Pentagon To Remove 50 Nuclear Missiles From Silos
By David S. Cloud, Tribune Washington Bureau
WASHINGTON — The Pentagon plans to remove 50 nuclear-armed intercontinental ballistic missiles from their silos over the next four years but not eliminate them from the U.S. arsenal, a move aimed at complying with a 2010 treaty with Russia and avoiding a fight with members of Congress from states where the missiles are based.
Lawmakers had feared reductions in nuclear forces required under the New START treaty would eliminate an entire ICBM squadron at one of three Air Force bases in North Dakota, Montana and Wyoming where the U.S. keeps its 450 Minuteman III missiles — a potentially major economic blow.
But a senior defense official, who briefed reporters Tuesday on the plan, said a total of 50 missiles would be removed from silos at the three missile bases. That will keep all nine ICBM squadrons operational.
The decommissioned missiles will no longer be counted as operational under the treaty, but would continue to be maintained and guarded. The silos also will be kept operational, the official said, describing them as “warm but empty.”
Lawmakers from the three states applauded the plan, which avoids the need to lay off hundreds of Air Force personnel and cut millions of dollars that the bases pump into the local economies.
“Today’s announcement is a big win for our nation’s security and for Malmstrom Air Force Base and north-central Montana,” Sen. Jon Tester (D-MT), said in a statement. “Keeping silos on warm status ensures that they remain under the watch of Malmstrom’s security and maintenance personnel.”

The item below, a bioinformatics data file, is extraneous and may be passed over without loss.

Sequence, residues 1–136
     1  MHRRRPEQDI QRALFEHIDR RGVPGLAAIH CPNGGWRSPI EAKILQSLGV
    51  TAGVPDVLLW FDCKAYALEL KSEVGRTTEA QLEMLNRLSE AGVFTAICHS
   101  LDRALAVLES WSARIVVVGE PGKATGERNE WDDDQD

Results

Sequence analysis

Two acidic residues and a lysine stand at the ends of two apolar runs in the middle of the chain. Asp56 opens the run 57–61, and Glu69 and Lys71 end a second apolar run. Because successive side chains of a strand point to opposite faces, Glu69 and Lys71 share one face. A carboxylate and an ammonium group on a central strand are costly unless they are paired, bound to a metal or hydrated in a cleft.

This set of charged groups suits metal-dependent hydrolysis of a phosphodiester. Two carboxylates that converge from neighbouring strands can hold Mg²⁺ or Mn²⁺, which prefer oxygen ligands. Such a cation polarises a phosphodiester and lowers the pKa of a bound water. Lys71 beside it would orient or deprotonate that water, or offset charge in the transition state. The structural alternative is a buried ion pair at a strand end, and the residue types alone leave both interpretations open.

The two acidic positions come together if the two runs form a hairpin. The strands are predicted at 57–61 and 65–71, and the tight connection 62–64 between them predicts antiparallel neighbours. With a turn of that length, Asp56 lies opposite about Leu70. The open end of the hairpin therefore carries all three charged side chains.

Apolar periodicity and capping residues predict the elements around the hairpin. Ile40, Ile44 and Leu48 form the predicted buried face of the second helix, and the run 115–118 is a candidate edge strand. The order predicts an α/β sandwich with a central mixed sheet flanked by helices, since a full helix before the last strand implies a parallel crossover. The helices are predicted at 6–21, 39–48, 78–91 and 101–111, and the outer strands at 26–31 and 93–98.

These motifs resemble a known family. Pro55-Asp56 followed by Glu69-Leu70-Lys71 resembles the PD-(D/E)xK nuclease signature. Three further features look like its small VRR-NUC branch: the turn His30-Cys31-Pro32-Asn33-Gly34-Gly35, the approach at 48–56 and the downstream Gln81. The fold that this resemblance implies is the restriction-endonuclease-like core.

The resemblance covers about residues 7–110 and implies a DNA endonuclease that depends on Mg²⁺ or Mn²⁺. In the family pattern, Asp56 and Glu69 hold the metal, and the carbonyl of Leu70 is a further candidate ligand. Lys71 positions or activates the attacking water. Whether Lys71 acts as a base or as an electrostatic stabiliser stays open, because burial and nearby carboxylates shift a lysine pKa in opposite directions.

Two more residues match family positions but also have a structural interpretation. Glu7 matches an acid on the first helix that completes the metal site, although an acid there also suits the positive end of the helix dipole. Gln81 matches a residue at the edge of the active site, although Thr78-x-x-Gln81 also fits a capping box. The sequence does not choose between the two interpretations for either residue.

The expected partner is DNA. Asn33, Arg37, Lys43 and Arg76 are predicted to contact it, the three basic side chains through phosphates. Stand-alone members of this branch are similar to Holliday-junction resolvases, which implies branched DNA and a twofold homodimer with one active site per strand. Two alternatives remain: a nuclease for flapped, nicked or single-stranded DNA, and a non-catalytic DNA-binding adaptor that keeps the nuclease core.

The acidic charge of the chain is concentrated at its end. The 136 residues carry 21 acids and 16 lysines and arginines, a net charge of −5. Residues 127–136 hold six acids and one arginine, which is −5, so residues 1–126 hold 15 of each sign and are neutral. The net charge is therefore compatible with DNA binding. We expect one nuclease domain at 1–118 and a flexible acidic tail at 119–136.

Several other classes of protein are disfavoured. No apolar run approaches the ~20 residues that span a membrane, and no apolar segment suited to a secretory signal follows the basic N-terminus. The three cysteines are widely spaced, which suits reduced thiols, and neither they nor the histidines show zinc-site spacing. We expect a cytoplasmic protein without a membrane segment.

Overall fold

Malmstrom, near Great Falls, has been rocked in recent months by the discovery of widespread cheating on proficiency tests by Air Force officers serving on Minuteman III launch teams. Last month, the commander of three squadrons retired and nine other officers were removed after an Air Force investigation found cheating had gone on for two years.
ICBM squadrons also are located at F.E. Warren Air Force Base in Wyoming and Minot Air Force Base in North Dakota.
To comply with treaty limits on warheads and launchers, the Pentagon also will convert 30 B-52 bombers configured for nuclear weapons to carry conventional weapons.
The Navy will disable four launch tubes on each of its 14 missile-carrying submarines. The subs thus will carry up to 56 fewer missiles, each with four nuclear warheads.
The treaty calls for the United States and Russia to each cut their deployed nuclear weapons to 1,550 by 2018, down from a previous ceiling of 2,200. It also set a limit of 700 deployed missiles and bombers.
The decision to largely spare land-based missiles is at odds with the recommendations of some outside experts, who have called for eliminating or deeply cutting the Minuteman III and relying instead on submarines and bombers to carry nuclear weapons.
Bruce Blair, a former ICBM launch officer and founder of Global Zero, a group that seeks elimination of nuclear weapons worldwide, said it would have been more cost effective and “strategically sensible” to eliminate an ICBM squadron.
Because it is in a fixed location, a Minuteman III missile is more vulnerable to a surprise nuclear attack and therefore would have to be fired quickly in a crisis, making it more destabilizing, Blair said.
“It is designed strictly to fight a large-scale nuclear war with Russia,” he said.
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